There was the history. The pride instilled within us from a young age. A sense of identity, without yet the acknowledgement of diversity. It was the early 2000s after all.

 
Happy. Perhaps became we didn’t know better. Perhaps because nothing else matters anyways.
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EXT. UCLA CAMPUS – DAY
 
It’s graduation day. GIRL is running around in cap and gown, saying goodbye to everyone. She loves UCLA and she loves Los Angeles.  
GIRL 
I’m staying in LA. I mean, I do want to move to New York at some point, but I’m sure I’ll be back. My industry is here, and I can’t imagine not living in a big coastal city.
 
INT. CONFERENCE ROOM IN WEST HOLLYWOOD, CA – DAY
 
It’s December 2017. GIRL, now 23, is sitting alone in a meeting room, on a conference call. She gets another incoming call from an 847 area code. Strange. She attempts to ignore the call but accidentally picks up and loses her conference line.  
VOICE
Hello? Is this Leslie?
 
GIRL
Hi, sorry, yes it is. 
 
VOICE
Hi Leslie, I’m calling from Northwestern’s admissions office. We’re happy to let you know that you’ve been accepted into the program.  
 
DISSOLVE TO:
 
INT. APARTMENT IN Culver City, CA – NIGHT
 
A little over a year later, GIRL is in her bedroom, laying in bed, staring at the ceiling.
 
GIRL (softly, to the void)
I guess I’ll go to Northwestern. 
 
EXT. LAX – DAY

Insert stereotypical shot of plane taking off. 

 

FADE OUT

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After all this time, I guess I do still have a history here. My history predates the bean.

And I’ll always call it Sears Tower.

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So here I am. Back in the city. The city I once loved. The city I defend passionately to all my Californian friends. Chicago is the most beautiful city in America.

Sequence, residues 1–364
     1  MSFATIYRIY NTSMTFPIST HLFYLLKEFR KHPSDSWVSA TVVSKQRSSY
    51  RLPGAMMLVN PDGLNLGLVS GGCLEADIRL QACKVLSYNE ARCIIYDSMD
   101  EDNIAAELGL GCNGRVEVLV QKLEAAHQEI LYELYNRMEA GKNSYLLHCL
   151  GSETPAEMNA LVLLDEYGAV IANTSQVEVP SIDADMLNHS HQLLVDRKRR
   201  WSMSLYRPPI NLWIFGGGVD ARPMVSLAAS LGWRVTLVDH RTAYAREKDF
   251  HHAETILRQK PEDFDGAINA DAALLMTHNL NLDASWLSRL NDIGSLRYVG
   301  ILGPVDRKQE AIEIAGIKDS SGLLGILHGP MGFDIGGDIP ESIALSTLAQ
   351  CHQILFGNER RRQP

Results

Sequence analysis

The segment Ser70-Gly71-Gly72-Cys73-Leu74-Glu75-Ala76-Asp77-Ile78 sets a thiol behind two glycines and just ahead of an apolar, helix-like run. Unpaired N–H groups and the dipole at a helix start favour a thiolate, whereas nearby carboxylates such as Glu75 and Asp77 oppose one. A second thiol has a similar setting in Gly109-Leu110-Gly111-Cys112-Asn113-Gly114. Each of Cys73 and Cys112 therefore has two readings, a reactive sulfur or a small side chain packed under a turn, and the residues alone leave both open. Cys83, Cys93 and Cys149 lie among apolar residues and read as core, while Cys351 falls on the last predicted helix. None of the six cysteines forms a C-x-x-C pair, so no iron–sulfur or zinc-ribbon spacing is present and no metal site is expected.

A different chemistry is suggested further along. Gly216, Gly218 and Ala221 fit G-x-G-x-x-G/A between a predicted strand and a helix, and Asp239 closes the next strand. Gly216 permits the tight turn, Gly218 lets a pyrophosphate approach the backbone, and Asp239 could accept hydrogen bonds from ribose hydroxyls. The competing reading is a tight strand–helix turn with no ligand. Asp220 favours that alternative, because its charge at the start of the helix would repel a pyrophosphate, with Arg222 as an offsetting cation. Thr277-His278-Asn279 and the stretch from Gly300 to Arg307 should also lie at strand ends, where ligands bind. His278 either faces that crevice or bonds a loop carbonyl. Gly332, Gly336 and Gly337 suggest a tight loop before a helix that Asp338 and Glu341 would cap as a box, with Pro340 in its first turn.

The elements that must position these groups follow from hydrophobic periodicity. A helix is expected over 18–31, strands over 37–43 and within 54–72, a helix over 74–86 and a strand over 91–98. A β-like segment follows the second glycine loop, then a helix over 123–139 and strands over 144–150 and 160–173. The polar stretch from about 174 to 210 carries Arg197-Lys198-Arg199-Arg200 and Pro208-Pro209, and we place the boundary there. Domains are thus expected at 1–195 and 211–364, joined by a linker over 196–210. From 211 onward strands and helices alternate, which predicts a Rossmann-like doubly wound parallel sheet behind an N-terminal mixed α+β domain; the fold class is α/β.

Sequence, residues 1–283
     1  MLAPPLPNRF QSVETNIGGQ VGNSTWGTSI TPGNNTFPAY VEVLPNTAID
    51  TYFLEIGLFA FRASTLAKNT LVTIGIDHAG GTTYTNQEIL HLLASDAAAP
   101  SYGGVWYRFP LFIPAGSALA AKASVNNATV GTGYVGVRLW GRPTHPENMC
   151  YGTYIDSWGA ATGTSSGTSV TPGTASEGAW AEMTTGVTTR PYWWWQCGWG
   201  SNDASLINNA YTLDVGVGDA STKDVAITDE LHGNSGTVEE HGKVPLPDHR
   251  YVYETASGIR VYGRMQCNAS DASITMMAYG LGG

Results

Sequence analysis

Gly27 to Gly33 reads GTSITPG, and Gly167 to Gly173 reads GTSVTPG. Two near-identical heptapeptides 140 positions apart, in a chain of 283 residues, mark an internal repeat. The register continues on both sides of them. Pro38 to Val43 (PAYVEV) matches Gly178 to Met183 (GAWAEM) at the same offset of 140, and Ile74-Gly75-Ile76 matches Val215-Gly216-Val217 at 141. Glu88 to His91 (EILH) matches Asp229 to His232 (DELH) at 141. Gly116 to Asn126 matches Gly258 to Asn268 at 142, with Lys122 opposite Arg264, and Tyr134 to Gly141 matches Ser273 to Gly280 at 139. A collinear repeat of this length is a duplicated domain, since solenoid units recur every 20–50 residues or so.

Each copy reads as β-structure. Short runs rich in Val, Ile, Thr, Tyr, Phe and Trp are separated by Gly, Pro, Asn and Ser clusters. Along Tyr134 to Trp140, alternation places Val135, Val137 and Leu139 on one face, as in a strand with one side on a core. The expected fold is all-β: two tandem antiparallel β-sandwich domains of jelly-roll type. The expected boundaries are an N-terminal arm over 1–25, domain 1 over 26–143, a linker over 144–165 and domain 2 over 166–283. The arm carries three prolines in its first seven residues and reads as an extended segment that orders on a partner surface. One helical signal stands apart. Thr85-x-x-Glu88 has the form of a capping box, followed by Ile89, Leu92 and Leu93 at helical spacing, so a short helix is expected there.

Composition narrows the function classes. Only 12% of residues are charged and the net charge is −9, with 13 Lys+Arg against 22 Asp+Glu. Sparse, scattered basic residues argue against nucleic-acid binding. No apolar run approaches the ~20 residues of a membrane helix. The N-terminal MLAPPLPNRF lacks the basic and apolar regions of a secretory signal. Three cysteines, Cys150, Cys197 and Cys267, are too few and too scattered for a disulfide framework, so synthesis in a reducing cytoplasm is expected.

Here I am. In the middle of Chicago. A block away from Michigan Ave. The city I know so well and yet feels so wrong. Just a year, I keep saying to myself. You’ll live. You love this place! Think about all the fun times you had here. Now you get to call it your own. 
 
But deep down, I wonder whether I only like Chicago in small doses. I keep reminding myself that I came here for a personal cultural study. That I’m in a sense going back to my roots, that it’s just a 16 year late homecoming. 
 
I hate the California-centric thinking that permeates through the state. Californians think they are at the center of the world. That everything important, in Hollywood, in tech, happens here. That California has a ton of problems, but hey, it’s still a paradise compared to the rest of the country. It wasn’t until I got here that I realized how much elitism I soaked up. While I can easily understand why people don’t like LA, I have a hard time understanding people who don’t want to end up in California. Doesn’t everyone want to go to California? What do you mean people are happy in other places?
 
Here, in the heartland of America, I’m reminded of a different America. One that has immigrants, hardy immigrants at that, but also has a bunch of small-town folk who don’t venture far from home, and don’t have the need or desire to. I want to unpack this, soak in this experience to cleanse me of my coastal elitism. Understand the lifestyle of people who know they’re not at the center of it all. Appreciate the grit of people who make a home here, so far removed from their familiarity, adjusting to the local charms (potato skins and popcorn). 
 
In the past few days, I walk around and wonder, “is this a place where people stay? People like me, young, ambitious, globally-minded? Why do I feel so claustrophobic in such an expansive metropolis?” It feels so temporary to me. Just passing through and observing. 
 
Also, should I even bother explaining that I am familiar with the city even though I just got here? That I used to kind of be from here? Can you be from somewhere that you haven’t lived in for 16 years? Can you be from somewhere you weren’t born but spent a few formative years of your childhood? 
 
What a strange homecoming.